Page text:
After one of the most respected punk-rock bands from New Jersey, The Gaslight Anthem, announced an indefinite hiatus back in 2015, their frontman Brian Fallon went on a mission to establish himself as a solo musician. Brian released his debut solo record Painkillers in March 2016, which became a success and received a lot of positive responses from his fans and music critics; and so he quickly took a solid place among his fellow Americana singer-songwriters. Almost two years have passed and not only we are now very close to the release of Brian’s new album Sleepwalkers (out on February 9th) but to amplify the buzz, The Gaslight Anthem have recently announced tour dates in the US, UK, Ireland and Europe to celebrate the 10 year anniversary of The ’59 Sound record. It ought to be a great year for the fans of Brian and TGA.
As a big fan myself, I am very grateful to have been able to listen to Sleepwalkers before its release and to write about it. It is never an easy task to review someone whose music you have admired and got inspired by for all these years. I understand that music and records move us all in different ways so I shall not write too many details about the songs that fans are so eagerly waiting to hear. But I think it’s safe to say that Brian Fallon has always managed to write music and stories that have deeply connected with many people whether they were the songs written for TGA, The Horrible Crowes or his solo records. I believe that whether you are a fan of one or all of his projects, Sleepwalkers is definitely a crowd pleaser that embodies the very best of Fallon.
It opens with the already familiar, super catchy Motown inspired If Your Prayers Don’t Get To Heaven which immediately lifts the mood and invites us to “whip these blues away” on this journey with Brian. Forget Me Not was the first single released to the public and one that got everyone talking about what will the new record sound like, hearing the similarities with Gaslight sound that wasn’t too present on Painkillers. Maybe it had something to do with the fact that Brian worked on Sleepwalkers with Ted Hutt, who also produced The ’59 Sound. In the midst of all the curiosity, Forget Me Not became an instant hit with the fans. Brian once again impresses with his powerful rusty vocals and he’s not holding back as he shouts “Stacy” throughout the song and manages to combine dark lyrics with a very happy melody which works wonders. Brian himself has said that there are elements on this record that will remind listeners of his previous works because that’s who he is. There are undeniably some familiar aspects within the songs, but those aspects are the reason why Brian’s writing has won the hearts of so many people over the years. On Sleepwalkers Brian draws from his roots, influences, experiences and wisdom, and he brings this whole new spark and energy into this record as he sings these new profound stories his listeners can relate to. And he sings them as sincerely and expressively as ever. It is purely a feel-good record that will have you dancing with its first beat.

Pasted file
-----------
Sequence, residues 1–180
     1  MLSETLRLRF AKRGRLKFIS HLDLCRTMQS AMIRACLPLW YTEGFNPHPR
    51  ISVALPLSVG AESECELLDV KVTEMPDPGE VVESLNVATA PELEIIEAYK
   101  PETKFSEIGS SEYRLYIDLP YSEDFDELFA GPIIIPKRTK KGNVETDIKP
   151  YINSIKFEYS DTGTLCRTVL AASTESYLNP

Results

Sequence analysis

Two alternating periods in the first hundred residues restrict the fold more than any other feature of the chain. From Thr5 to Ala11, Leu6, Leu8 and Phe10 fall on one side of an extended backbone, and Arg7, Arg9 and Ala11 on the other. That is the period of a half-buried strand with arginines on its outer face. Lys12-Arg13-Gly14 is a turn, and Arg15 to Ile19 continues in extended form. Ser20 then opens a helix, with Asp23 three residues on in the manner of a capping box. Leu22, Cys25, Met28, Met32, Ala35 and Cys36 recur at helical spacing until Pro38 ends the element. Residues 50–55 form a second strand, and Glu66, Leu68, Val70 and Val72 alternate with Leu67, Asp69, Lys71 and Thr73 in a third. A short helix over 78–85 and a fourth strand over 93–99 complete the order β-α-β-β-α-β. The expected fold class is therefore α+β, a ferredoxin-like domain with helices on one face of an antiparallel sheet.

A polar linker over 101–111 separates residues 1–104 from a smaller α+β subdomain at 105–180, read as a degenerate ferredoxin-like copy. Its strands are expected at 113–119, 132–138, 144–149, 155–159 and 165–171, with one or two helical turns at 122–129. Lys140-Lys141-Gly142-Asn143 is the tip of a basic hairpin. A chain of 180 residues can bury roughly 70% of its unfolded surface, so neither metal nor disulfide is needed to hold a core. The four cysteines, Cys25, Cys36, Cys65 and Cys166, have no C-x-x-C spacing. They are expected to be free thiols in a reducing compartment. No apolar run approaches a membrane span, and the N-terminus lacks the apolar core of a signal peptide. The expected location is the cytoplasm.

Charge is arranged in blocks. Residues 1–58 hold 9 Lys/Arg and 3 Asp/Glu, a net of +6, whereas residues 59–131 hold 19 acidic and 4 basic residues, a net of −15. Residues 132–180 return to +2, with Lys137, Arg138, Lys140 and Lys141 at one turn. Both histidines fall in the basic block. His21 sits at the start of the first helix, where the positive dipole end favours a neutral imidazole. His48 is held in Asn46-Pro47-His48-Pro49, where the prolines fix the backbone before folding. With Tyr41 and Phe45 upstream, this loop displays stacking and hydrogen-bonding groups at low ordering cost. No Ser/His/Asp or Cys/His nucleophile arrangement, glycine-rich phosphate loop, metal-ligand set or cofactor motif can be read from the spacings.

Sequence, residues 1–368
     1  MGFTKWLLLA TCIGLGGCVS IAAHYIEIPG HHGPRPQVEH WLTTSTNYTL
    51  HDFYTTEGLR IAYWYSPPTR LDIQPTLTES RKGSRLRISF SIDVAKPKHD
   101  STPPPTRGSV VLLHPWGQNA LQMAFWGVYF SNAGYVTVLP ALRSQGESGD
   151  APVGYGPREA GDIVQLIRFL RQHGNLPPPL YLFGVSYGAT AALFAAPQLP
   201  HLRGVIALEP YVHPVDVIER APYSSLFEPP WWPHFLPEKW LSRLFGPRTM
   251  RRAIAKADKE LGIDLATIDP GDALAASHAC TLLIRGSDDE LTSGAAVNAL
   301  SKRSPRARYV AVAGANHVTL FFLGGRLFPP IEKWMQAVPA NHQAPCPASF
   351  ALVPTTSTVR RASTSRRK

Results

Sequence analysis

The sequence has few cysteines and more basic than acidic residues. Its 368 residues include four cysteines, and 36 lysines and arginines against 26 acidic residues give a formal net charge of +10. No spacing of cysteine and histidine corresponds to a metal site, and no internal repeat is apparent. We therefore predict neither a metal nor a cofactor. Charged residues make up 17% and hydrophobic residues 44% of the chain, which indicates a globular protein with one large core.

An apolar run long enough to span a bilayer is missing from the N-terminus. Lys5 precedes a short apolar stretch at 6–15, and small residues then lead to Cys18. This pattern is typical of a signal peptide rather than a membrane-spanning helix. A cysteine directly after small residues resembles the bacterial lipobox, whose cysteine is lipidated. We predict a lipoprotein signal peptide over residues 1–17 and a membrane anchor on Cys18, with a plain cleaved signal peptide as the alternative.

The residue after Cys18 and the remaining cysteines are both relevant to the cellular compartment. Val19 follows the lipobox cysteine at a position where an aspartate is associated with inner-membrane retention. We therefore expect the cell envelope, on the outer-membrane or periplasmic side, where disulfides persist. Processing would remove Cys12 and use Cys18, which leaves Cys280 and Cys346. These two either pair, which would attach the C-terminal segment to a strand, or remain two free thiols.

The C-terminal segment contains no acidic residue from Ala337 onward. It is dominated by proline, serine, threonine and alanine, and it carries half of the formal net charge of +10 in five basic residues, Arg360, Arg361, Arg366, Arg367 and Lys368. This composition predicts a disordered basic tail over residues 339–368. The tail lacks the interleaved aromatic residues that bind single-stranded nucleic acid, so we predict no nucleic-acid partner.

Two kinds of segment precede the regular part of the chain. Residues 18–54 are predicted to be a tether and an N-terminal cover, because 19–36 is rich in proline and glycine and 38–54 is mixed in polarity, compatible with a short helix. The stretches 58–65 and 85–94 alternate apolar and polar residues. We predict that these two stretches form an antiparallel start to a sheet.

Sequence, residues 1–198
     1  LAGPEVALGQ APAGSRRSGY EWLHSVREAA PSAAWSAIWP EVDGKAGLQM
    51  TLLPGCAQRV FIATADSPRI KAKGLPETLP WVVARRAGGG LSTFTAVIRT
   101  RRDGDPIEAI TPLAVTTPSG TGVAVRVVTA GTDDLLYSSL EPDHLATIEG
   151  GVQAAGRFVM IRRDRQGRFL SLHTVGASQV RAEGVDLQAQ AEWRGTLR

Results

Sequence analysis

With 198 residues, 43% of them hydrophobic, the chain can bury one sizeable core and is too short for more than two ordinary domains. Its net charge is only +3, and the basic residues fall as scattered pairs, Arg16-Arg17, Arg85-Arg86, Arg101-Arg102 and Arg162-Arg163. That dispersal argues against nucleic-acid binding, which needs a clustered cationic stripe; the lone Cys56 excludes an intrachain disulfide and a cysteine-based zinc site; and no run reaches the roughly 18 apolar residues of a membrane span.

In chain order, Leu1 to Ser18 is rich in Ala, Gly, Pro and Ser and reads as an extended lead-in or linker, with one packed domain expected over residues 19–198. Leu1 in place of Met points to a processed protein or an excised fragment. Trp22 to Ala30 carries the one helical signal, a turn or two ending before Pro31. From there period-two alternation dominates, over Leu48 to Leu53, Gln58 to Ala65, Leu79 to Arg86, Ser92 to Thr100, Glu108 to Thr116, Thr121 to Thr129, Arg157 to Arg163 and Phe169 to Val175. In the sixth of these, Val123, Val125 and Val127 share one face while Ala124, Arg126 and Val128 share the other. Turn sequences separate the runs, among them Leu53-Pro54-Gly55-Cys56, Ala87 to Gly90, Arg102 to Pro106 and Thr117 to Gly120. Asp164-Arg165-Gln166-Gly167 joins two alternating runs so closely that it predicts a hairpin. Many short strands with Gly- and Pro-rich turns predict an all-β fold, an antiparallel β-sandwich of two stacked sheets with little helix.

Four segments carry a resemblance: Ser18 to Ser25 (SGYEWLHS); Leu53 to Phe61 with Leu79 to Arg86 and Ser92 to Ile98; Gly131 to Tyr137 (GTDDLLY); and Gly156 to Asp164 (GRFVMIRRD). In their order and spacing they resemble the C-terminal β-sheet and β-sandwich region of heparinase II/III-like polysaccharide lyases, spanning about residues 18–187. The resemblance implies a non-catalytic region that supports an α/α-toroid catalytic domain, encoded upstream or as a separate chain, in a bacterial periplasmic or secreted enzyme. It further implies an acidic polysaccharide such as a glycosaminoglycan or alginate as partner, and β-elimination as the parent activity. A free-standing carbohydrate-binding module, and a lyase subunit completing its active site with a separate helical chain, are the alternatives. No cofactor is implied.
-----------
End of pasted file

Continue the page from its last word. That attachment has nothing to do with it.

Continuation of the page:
The most emotional track must be Etta James which is breathtakingly beautiful and moving both melodically and lyrically. Its massive chorus hits you right in the feels. It is no secret that Brian knows how to write songs that stir your heart and soul and sing them in such ways too. The 12 tracks speak of deepest fears, loneliness and death, but they also speak of love, freedom and hope. There is this unified understanding and connection which I believe is the true aim of Brian’s music. Personally, I love this record from start to finish because there is such a great contrast of genres and sounds on it, both modern and old school. It’s exciting, engaging and real.
As the final track See You On The Other Side concludes the record, the words leave us with a bit more faith in something good and so the album serves its purpose. Once again, Brian captures the essence of finest song writing and his true self, and with the help of producer Ted Hutt, he has created what could possibly be one of his strongest works to date. I believe that Sleepwalkers is a record he’s extremely proud of and I know his fans will be too.